– The University of Regina received $153,286 to coordinate and facilitate the implementation of a Regina Homeless Individual and Family Information System and to gather data to develop strategies to provide more effective services to the city’s homeless. Regina’s homeless individuals and families will benefit through improved service delivery.

– Street Culture Kidz Project Inc. in Regina received $436,848 to purchase, renovate and furnish a duplex-style house. The project will create two 4- or 5-bedroom supportive housing units for single, homeless young women between 15 to 24 years of age. Within these supportive homes, one live-in house parent and two mentors will build relationships with the youth for support and guidance.

– Aboriginal Family Services in Regina received $8,000 to complete pre-development activities to determine the viability and sustainability of a supportive housing facility that would serve 7 to 12 homeless individuals, or couples, with Fetal Alcohol Spectrum Disorder and other cognitive disabilities.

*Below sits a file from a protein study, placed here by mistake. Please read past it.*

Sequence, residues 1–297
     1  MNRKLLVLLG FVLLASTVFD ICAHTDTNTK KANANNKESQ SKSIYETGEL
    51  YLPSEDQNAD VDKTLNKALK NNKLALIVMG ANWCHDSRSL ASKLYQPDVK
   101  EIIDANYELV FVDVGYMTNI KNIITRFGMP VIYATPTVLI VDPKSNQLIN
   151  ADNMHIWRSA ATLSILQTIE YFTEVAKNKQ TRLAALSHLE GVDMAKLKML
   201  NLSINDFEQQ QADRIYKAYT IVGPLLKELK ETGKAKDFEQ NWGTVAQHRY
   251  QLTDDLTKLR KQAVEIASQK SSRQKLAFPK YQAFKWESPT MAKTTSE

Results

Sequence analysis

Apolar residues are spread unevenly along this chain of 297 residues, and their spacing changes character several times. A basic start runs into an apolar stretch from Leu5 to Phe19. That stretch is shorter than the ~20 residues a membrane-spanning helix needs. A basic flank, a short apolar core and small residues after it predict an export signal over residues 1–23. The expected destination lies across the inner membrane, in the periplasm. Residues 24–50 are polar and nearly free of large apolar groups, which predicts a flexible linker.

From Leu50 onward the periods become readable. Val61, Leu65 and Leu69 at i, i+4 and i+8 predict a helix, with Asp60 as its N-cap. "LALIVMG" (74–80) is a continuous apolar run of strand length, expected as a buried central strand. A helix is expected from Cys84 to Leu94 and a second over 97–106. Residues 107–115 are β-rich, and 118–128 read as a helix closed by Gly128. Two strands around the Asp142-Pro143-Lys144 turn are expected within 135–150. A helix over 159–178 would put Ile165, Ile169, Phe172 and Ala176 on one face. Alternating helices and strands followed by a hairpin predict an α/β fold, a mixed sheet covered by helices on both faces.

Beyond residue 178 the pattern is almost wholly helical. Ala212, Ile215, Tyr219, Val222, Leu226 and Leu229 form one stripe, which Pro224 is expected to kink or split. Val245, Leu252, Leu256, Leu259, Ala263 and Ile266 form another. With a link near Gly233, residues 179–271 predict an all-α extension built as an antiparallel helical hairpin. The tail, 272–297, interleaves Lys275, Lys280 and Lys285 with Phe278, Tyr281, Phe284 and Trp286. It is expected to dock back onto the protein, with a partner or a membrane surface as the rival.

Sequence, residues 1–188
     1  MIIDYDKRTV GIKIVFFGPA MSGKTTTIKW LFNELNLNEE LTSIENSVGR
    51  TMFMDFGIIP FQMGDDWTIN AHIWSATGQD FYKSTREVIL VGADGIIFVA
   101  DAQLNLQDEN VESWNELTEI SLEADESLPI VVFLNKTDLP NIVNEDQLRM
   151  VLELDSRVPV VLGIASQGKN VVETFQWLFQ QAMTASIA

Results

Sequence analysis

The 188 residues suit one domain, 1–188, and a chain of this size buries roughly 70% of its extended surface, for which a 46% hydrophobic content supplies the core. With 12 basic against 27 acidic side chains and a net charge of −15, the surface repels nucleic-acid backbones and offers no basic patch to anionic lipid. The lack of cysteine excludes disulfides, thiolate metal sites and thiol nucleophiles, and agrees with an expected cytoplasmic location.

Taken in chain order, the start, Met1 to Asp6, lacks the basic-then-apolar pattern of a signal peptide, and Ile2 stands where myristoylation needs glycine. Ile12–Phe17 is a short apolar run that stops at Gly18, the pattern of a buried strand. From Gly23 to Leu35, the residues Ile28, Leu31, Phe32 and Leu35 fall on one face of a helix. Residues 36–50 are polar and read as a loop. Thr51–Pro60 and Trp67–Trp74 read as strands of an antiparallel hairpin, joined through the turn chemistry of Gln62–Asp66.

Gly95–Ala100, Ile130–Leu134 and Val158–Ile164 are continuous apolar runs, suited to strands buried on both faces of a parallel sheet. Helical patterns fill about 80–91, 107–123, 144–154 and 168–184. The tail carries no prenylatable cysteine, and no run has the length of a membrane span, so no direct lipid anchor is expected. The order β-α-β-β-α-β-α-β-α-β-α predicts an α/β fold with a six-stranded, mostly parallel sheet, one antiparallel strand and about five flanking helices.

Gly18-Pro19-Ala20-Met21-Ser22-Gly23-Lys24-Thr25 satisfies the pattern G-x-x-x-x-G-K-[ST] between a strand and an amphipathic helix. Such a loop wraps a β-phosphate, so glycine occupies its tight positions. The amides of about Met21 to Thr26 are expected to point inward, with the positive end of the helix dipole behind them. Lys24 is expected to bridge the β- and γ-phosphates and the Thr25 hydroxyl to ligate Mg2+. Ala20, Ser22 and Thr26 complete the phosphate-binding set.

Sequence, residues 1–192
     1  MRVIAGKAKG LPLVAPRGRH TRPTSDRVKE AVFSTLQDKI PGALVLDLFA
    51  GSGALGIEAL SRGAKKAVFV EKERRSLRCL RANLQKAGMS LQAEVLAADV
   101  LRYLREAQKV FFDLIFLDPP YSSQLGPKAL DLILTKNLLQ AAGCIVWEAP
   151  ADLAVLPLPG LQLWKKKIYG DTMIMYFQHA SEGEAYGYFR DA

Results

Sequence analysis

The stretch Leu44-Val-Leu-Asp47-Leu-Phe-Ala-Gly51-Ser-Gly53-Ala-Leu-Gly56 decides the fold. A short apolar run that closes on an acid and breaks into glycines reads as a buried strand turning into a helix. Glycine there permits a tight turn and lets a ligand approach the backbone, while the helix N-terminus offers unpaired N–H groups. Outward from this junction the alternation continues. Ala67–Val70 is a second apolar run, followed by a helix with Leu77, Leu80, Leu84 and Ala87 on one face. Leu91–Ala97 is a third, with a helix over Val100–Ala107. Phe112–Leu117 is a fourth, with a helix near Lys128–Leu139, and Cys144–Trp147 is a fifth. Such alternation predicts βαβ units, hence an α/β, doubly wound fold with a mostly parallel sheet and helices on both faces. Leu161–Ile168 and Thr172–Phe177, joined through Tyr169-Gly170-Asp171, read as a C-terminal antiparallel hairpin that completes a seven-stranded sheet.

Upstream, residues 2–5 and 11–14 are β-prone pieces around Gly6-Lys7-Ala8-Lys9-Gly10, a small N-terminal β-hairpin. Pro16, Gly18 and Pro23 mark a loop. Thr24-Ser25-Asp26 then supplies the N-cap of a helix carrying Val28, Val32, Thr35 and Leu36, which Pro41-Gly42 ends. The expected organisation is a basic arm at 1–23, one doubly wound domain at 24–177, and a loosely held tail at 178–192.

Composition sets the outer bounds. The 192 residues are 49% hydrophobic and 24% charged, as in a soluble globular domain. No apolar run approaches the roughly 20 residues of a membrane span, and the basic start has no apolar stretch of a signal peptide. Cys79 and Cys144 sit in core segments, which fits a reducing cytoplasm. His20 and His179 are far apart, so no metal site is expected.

– The Salvation Army in Prince Albert received $300,000 to purchase land and construct a facility for single homeless women in the community between the ages of 16 and 30 who are being sexually exploited.

– The City of North Battleford received $599,000 to purchase land and construct an assessment and stabilization facility for Aboriginal youth between the ages of 10 and 15 who have run from their family home, or from foster care, and are living on the street, or couch surfing.

This news release is available in alternative formats upon request.

For more information, please contact

Human Resources and Social Development Canada
Media Relations Office


Office of Minister Solberg
Pema Lhalungpa
Press Secretary


Office of Mr. Batters
Jo Overby
Constituency Assistant

Send To Friend Email Print Story

Comments are closed.

NationTalk Partners & Sponsors Learn More